Since the laureateship was first conceived many hundreds of years ago, Britain has changed enormously and the position of Poet Laureate has changed accordingly – I want to celebrate and speak on behalf of the variety of voices who contribute to the rich chorus of British poetry from a wide range of personal, literary and cultural experiences, and to help poetry explore its potential in a multifaceted, multivocal and multimedia age.
The poetry of these islands is one of our greatest achievements, and, as well as being proud of its traditions, I want poetry to feel confident and at home in the contemporary world and to demonstrate that, in a hectic and sometimes frenetic age, the combination of considered thought and crafted language is more relevant and vital than ever. I hope poets, readers and audiences will support me in my efforts.’
‘Simon Armitage cut his own cloth from the outset. His boyish, fresh-faced poems made an unmissable impression upon the 1980s: political, tough-minded, astute, funny, realist and surreal in opposing measure. They persuaded readers that no barrier should curtail their adventure, no dogma and no gatekeeper. They spoke to the experiences of our streets and our schoolrooms, and walked around in the lives about us, marking a place for popular and literary cultures alike, freeing our vernacular from the locked cupboards of received learning.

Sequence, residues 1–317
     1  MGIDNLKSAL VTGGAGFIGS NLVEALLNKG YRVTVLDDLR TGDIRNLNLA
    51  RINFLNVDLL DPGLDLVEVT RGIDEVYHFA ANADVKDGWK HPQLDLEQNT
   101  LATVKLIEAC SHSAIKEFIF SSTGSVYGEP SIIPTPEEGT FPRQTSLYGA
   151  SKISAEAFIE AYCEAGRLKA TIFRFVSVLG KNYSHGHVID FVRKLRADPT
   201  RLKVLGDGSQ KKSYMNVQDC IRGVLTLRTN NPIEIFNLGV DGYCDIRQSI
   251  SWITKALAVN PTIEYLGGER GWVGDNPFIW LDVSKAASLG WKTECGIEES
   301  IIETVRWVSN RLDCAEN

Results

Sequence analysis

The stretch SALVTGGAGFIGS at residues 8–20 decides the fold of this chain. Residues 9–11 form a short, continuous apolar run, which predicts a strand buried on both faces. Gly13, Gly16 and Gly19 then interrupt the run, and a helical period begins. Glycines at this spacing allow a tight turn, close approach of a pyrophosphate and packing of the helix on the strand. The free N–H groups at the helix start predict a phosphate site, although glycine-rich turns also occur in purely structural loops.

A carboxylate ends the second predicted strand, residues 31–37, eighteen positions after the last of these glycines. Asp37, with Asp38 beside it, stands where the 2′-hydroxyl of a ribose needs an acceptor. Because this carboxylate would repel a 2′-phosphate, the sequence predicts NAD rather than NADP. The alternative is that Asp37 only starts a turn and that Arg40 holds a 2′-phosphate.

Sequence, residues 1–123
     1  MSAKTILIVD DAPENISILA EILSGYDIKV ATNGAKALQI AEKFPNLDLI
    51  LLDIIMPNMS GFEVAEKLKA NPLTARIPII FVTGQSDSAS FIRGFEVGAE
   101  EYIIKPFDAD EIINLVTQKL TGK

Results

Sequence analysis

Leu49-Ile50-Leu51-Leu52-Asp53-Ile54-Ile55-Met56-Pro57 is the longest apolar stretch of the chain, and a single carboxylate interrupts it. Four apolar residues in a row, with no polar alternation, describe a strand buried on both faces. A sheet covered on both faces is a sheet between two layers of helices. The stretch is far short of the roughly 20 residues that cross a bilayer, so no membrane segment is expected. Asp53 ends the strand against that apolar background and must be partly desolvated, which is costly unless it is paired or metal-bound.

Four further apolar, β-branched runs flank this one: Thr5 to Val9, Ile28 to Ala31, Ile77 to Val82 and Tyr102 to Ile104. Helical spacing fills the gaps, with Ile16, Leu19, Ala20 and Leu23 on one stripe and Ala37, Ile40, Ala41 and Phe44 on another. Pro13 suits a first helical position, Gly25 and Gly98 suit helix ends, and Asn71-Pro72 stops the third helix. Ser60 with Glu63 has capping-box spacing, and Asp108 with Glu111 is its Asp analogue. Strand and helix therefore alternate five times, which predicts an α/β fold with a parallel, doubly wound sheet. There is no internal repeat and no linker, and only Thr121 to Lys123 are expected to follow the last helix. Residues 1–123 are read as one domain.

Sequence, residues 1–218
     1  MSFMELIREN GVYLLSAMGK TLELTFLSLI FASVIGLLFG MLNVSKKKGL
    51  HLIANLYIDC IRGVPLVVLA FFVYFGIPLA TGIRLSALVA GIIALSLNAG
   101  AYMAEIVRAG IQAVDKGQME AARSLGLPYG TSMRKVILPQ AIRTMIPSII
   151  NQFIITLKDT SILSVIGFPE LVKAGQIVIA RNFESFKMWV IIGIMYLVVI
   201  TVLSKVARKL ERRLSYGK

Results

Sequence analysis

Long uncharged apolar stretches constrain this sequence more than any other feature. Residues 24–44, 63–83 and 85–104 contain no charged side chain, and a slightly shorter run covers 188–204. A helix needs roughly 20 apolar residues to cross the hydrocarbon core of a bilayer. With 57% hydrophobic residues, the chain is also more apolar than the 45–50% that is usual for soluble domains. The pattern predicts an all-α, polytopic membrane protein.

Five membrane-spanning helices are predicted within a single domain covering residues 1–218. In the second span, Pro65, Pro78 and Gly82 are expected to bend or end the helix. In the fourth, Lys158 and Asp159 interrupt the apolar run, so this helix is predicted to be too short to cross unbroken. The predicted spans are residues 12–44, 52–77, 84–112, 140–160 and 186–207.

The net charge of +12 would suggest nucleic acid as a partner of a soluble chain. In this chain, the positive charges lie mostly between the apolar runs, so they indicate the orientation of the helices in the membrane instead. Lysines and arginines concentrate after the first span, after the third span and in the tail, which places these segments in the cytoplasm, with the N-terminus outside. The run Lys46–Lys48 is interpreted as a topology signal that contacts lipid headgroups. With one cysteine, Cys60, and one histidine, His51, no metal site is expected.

Not once did they turn a blind eye; not then, and not now. And although the work that followed those early years would become ever more subtle and international, it would never lose its edge, its home place or its sense of responsibility. It would campaign for justice in poems of tender exquisiteness – not only in lines for loved ones, but in poems for those whom society ought to love more: the lost and disenfranchised, the elderly and the young, the unanointed, the despairing, and the unaccompanied, to use the title of a recent book.
The result would be a fearless body of conscient writing. And yet for all the tough choices that the poems have made, they have maintained a personable air and a ticklish underbelly. They possess a likeability that enables them to make friends with readers, and that in turn allows readers to make friends with poetry.
It is more than a quarter-century since Faber & Faber became the proud publisher of Simon Armitage. Over that time he has led countless readers to new territories and made maps for a better nation. We cannot wait to see where he takes us next.
All our congratulations on your appointment as Poet Laureate, dear Simon.’